Two-Year Colleges Can Boost Liberal Arts Education

By Aja Storm Kennedy

Liberal studies are often dismissed as frivolous and impractical by those outside of academia, or outside of the discipline, and many liberal arts schools and programs confront growing pressures to prove their significance and practicality or risk budget cuts. However, President Barack Obama’s free community college plan, announced last month, might be an unexpected source of support for embattled liberal arts programs. 

According to statistics from Humanities Indicators, a project of the American Academy of Arts and Sciences, the number of bachelor’s degrees conferred in the core humanities (English language and literature, history, foreign language and literature, philosophy, and the classics) fell 2.4% from 2012 to 2013, and only 6.5% of all bachelor’s degrees conferred were in core humanities disciplines—a historic low. Master’s degrees awarded in the core humanities fell 3% from 2012 to 2013 while doctoral degrees experienced no significant change. However, the number of associate’s degrees conferred in core humanities classes did not decline; in fact, from 2010 to 2013, there was an estimated average increase of 10.7%. Furthermore, in 2013, degrees in the core humanities constituted 38.9% of all conferred associate’s degrees, closing in on the percentage of awarded professional degrees which stands at 49.2. 

As Martha J. Kanter outlines in her article “Community College Students and the Humanities,” this increase demonstrates the key role community colleges play in advancing the humanities’ position in higher education. Community colleges serve as a gateway into the world of liberal arts for prospective transfer students because humanities courses typically satisfy the majority of general education requirements; students who are not already invested in a professional program tend to continue their focus in liberal studies when they transfer to a four-year college or university.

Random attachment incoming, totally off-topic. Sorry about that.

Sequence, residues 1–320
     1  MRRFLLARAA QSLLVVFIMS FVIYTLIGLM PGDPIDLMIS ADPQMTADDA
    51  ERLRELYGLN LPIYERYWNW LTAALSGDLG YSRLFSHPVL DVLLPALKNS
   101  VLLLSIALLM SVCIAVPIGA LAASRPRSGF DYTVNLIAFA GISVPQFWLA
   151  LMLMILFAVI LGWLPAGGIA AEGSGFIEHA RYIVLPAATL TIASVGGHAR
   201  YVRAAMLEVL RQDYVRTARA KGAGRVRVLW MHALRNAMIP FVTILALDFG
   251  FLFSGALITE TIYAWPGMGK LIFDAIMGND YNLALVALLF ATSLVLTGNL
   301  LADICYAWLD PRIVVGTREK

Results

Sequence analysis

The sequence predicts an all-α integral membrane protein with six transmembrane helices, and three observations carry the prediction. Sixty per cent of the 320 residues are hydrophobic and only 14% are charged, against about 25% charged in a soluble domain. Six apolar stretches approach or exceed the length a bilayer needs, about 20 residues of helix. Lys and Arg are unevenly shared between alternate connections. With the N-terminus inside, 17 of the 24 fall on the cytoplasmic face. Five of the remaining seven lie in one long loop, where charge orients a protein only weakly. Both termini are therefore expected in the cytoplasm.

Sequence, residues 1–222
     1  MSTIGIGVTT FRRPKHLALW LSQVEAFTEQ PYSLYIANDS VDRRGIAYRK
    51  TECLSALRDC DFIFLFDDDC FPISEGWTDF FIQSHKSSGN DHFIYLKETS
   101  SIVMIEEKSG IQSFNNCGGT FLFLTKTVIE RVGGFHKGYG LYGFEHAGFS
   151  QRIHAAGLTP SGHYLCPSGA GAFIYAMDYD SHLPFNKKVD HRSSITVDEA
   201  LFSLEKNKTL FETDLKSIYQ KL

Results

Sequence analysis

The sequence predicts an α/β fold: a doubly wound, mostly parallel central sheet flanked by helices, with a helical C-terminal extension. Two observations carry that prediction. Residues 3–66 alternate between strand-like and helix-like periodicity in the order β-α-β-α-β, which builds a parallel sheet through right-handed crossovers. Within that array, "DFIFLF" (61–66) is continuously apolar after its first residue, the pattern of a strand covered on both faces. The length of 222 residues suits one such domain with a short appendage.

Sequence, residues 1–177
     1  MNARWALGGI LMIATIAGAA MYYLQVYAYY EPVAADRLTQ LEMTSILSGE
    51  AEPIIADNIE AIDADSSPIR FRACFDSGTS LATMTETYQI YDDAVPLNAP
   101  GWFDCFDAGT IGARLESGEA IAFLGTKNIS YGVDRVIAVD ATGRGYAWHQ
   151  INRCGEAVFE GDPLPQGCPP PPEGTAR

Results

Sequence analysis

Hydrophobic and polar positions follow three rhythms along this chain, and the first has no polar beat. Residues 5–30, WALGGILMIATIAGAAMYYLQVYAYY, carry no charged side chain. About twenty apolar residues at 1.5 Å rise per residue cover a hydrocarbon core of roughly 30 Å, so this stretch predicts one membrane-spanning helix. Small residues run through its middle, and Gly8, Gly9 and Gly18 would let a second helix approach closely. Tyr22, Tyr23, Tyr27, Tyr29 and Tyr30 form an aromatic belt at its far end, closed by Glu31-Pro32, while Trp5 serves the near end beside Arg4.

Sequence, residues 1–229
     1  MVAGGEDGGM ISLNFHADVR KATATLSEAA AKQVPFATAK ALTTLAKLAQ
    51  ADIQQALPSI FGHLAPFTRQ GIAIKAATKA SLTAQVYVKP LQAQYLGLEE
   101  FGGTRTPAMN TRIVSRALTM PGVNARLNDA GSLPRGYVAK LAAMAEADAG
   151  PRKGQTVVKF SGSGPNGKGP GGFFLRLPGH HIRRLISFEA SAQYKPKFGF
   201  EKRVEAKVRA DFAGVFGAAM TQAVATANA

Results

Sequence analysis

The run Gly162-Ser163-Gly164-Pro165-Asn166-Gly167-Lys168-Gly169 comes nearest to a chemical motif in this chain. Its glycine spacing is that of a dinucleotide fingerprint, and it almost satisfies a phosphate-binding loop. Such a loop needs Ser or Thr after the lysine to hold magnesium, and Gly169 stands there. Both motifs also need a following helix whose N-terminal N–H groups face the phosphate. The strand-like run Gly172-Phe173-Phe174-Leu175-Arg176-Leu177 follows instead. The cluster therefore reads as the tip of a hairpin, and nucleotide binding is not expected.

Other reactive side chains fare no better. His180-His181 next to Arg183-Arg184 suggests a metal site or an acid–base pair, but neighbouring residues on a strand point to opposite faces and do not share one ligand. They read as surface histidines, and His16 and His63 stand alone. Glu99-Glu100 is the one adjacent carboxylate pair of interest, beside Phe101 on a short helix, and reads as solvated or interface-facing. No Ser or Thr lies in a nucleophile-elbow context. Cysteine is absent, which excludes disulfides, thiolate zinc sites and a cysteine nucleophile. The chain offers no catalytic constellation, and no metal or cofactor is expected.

So if associate’s degrees in liberal studies are on the rise, why are bachelor’s degrees declining? The simplest answer is that upon completion of their associate’s degrees, many community college students never actually transfer to four-year institutions. 

According to statistics listed on Community College Research Center’s website, only 25% of students who enter community colleges transfer to four-year institutions within five years. Rapidly increasing tuition costs play a major part in this. Many community college students come from low-income families and cannot afford to continue their education at four-year institutions. However, if Obama’s plan is approved—as Mary Turck explains in an article about the advances in equal opportunity the President’s plan might provide—free community college “would make a bachelor’s degree more affordable, by enabling students to get two years of college without piling up debt.” Prospective transfers could bypass college expenses for their first two years of school and focus on saving money for a four-year institution. 

According to The Christian Science Monitor, nearly nine million community college students could save an average of $3,800 in tuition and loans per year if the President’s plan is approved. The idea of entering a four-year institution debt free makes transferring more appealing to a student who only needs to pay for two more years of study before earning their bachelor’s degree; the number of community college students transferring to four-year schools is certain to increase. 

It is in this increase that the liberal arts finds new promise. Based on Humanities Indicators’ statistics that 38.9% of associate’s degrees conferred are in the humanities, if more community college students pursue bachelor’s degrees, then the number of bachelor’s degrees conferred in the liberal arts will increase. Whether the resulting increase will be slight or dramatic is uncertain, but even an increase as low as 6% would nearly double the current percentage of 6.5. 

With a higher number of liberal arts majors, liberal arts programs at four-year institutions will enjoy more security and stability. And, even in the unlikely event that increased transfer rates do not lead to a rise in bachelor’s degrees conferred in the liberal arts, it is certain that free community college will lead to a surge in community college students and a continued growth in the number of conferred associate’s degrees. 

So whether the President’s plan helps reverse the trend of shrinking humanities or simply continues to increase the number of associate’s degrees in liberal studies, it is safe to say free community college could give liberal arts programs the help they need to keep the discipline growing and continue to provide a steady stream of well-educated potential hires in a variety of fields.

Aja Storm Kennedy is a junior at Howard University majoring in English and minoring in sociology. Howard University is home to the Gamma of The District of Columbia Chapter of Phi Beta Kappa.